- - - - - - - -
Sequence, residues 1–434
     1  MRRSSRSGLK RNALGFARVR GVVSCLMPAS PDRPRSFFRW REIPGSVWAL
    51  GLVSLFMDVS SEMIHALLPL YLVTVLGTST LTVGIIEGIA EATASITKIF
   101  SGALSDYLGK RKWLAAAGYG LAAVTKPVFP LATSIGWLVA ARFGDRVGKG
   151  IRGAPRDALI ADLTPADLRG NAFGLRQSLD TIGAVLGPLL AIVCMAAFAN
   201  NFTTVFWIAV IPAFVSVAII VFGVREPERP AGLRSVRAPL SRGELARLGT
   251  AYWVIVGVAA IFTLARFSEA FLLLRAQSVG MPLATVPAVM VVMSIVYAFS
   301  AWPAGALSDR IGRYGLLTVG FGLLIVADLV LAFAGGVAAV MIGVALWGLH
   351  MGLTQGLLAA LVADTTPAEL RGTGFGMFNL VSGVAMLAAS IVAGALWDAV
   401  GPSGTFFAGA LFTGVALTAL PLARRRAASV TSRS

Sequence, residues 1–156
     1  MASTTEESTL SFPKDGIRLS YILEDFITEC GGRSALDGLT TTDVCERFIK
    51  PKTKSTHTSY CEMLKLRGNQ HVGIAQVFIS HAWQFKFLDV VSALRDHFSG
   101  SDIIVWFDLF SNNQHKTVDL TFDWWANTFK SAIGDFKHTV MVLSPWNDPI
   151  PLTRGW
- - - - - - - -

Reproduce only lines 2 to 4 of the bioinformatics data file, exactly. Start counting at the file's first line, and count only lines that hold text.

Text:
     1  MRRSSRSGLK RNALGFARVR GVVSCLMPAS PDRPRSFFRW REIPGSVWAL
    51  GLVSLFMDVS SEMIHALLPL YLVTVLGTST LTVGIIEGIA EATASITKIF
   101  SGALSDYLGK RKWLAAAGYG LAAVTKPVFP LATSIGWLVA ARFGDRVGKG